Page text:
Readers of this blog know that there have been several postings on John Buchan in the past, he being something of a favourite for many reasons.
As part of my post-hospital convalescence I picked up one of the Buchan thrillers I had not read before, The House of the Four Winds, and read it in short order. It is probably the weakest of the three Dickson McCunn tales and is one of Buchan’s weaker thrillers, taking place not in Britain but in the invented Central European country, Evallonia, which resembles Austria in many ways but is not. A continuation of the tale in Castle Gay, it is a wonderful hokum that involves a nasty republican government backed by sinister Marxists, about to be toppled, a self-organizing young civilian army, Juventus, modelled to some extent on Mussolini’s fascisti, a complicated way of ensuring that Prince John becomes king and, above all, a circus run by a cousin of Allison Westwater’s and Janet Roylance’s with a thoroughly likeable and useful elephant by the name of Aurunculeia. We also meet many of the Buchan heroes: Dickson himself, two of the erstwhile Gorbals Die-Hards, Jaikie Galt and Dougal Crombie, Allison who ends the novel as Jaikie’s fiancée and the Roylances.
It is a little odd that Buchan did not write any more Dickson McCunn mysteries as he was obviously fond of the characters and the ending of The House of the Four Winds requires some kind of continuation. Though most of our heroes leave Evallonia, Jaikie remains, the trusted confidant of the about to be crowned King John and an officer in Juventus. Surely, there must have been some plan to get him back to Britain, to Allison who is unlikely to be happy away from Scotland and into that great career that everybody is predicting though nobody really knows what it will be. As we never hear of him later on as a rising politician, we must assume that he did not enter British politics. Was he snapped up by Sir Walter Bullivant’s successor for the secret service? Did he become another Sandy Arbuthnot with a very different sphere of interests and talents? We never find out. (At least, not as far as I know.) Of the series characters only Archie Roylance turns up in subsequent novels either in person (Island of Sheep) or as a mentioned name (Sick Heart River). We must assume that his marriage to Janet continues to be happy.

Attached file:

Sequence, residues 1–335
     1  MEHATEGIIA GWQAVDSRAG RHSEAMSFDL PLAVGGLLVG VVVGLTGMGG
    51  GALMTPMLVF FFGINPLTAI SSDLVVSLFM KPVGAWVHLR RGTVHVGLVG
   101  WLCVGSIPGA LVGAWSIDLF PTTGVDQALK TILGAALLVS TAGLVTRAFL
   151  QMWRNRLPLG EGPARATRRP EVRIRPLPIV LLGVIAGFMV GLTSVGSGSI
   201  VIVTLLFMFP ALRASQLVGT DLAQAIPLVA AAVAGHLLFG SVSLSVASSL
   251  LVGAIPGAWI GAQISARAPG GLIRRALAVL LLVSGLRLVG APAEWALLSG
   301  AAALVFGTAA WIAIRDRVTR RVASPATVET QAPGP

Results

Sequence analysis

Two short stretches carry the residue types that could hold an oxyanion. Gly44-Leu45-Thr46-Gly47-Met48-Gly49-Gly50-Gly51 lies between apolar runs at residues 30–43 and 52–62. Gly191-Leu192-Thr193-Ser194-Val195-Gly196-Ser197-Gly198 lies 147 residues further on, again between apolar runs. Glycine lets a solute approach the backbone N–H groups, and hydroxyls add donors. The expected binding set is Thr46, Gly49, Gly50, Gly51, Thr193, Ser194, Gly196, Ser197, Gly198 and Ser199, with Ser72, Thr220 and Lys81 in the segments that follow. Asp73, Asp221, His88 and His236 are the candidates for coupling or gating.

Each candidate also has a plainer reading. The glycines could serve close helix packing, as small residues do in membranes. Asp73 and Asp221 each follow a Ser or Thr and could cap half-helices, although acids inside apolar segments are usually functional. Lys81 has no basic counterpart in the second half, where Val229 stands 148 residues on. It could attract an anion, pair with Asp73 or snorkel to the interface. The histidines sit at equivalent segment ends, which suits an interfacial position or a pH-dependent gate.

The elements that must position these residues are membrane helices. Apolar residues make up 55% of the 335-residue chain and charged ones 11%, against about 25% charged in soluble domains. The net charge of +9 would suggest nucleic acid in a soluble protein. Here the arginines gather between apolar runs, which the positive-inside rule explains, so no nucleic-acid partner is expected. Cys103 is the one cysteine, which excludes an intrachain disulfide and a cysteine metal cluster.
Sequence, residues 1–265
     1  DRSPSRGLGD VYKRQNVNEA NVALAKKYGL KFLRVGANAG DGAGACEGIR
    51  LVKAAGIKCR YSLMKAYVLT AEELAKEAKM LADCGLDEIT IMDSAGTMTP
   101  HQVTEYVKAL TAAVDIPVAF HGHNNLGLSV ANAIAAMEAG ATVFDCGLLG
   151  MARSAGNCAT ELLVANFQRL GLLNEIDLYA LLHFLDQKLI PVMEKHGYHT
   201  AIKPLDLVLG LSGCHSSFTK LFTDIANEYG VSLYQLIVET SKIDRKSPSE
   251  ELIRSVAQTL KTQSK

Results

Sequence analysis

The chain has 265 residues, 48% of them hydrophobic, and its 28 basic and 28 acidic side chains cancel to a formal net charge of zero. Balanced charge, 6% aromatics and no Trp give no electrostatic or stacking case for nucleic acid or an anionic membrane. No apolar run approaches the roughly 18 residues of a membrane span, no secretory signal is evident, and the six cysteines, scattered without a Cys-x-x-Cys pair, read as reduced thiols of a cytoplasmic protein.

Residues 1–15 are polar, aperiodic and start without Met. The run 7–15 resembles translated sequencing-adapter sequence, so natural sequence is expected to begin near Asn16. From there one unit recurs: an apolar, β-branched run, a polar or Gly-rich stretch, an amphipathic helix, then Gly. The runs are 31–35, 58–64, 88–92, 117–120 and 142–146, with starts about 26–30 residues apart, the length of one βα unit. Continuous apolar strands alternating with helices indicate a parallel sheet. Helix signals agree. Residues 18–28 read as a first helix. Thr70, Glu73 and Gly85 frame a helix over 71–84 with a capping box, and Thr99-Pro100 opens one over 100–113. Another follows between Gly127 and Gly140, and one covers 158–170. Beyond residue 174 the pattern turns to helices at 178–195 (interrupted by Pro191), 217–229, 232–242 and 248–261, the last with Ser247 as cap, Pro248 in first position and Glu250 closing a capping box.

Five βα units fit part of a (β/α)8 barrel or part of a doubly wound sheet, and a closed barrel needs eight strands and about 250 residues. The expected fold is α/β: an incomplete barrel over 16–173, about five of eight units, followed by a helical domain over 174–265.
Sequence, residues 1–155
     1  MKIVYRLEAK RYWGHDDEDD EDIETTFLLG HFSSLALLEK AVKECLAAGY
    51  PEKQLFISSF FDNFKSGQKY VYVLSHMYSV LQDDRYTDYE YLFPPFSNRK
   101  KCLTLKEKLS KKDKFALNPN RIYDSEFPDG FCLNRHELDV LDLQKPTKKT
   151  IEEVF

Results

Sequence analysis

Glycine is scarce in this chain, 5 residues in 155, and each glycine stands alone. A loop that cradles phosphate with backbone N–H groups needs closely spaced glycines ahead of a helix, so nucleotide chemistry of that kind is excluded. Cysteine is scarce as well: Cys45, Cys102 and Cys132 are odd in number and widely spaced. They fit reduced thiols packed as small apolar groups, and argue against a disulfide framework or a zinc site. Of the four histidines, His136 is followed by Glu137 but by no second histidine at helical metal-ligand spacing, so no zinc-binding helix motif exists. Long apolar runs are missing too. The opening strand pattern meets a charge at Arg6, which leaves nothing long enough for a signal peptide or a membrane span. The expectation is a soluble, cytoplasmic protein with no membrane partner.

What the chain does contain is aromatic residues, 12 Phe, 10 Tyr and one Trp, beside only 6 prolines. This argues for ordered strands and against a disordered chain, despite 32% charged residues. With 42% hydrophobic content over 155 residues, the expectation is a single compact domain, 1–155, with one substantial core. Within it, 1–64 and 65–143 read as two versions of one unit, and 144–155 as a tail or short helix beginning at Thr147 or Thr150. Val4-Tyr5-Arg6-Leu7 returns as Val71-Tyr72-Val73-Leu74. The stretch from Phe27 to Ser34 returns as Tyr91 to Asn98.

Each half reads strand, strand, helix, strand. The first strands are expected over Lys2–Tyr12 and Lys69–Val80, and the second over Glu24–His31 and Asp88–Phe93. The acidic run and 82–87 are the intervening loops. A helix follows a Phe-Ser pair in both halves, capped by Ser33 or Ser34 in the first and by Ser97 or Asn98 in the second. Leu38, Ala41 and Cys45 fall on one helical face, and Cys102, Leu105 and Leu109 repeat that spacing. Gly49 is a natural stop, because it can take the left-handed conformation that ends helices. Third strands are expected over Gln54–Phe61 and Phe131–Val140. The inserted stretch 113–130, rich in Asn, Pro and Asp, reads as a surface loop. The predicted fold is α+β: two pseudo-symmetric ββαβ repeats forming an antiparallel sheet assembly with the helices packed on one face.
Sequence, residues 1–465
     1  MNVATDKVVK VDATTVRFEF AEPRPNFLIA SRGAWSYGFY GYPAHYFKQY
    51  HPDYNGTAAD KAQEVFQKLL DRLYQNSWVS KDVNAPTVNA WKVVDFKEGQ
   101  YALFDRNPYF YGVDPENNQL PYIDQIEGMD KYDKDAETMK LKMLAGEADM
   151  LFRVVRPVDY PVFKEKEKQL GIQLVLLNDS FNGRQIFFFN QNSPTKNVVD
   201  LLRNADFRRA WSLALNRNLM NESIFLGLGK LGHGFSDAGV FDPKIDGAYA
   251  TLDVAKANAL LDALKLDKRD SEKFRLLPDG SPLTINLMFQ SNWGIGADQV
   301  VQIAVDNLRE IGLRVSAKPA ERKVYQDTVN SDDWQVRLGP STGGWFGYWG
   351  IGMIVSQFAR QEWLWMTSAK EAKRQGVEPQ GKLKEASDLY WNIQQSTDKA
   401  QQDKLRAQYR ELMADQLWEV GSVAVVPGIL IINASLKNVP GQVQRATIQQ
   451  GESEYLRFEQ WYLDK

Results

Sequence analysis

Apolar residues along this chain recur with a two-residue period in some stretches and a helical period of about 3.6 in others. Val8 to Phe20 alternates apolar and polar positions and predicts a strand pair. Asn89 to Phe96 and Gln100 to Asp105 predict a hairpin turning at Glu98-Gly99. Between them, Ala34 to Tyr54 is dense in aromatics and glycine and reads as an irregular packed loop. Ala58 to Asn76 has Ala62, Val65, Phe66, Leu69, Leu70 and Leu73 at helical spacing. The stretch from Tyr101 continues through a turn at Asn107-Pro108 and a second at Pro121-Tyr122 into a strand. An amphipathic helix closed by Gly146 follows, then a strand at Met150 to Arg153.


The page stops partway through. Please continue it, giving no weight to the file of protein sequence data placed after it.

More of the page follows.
The book was published in 1935 by which time it was clear that Evallonia is unlikely to fare well in the near future. The Communist thug Mastrovin is particularly evil but Juventus has sinister overtones and there is something slightly frightening about them. In the immediate plot they side with the monarchists and help Prince John to the throne. Also several of their leaders seem to be either part-English or educated in England. In reality, as Buchan knew well, the likes of Juventus were not led by people with Cambridge education and were not particularly gentlemanly. Another reason for bringing Jaikie home, I should have thought. Perhaps, Buchan intended to do so but did not quite get round to it.
Thank you for all the enquiries. Had to spend longer in hospital than expected but all is well that ends well and I am back home now. Blogging starts soon.
Normally they just happen. This one is being announced. Blogging is being suspended for a week or so as I deliver myself into the hands of the NHS tomorrow morning (at 7 a.m. - ouch) but hope to be out of the hospital by the end of the week. I shall spend some of my time there working on that long piece comparing Sir Harold Nicolson and Sir Henry "Chips" Channon both of whose diaries I re-read in the last couple of weeks.
This is for the historical psephologists who, I have no doubt, look at this blog regularly. Anything you ever wanted to know about elections and voting in London from 1700 to 1850 can be found on the London Electoral Website.
The state funeral of Sir Winston Churchill, last Prime Minister to have one as Lady Thatcher's was not one, officially. There are many clips of it available of YouTube. I chose this one because it has the moment that always brings a lump to my throat: the cranes of the East End docks bowing to the coffin as it is being taken down the Thames. The country was saying good bye to more than just one man and politician.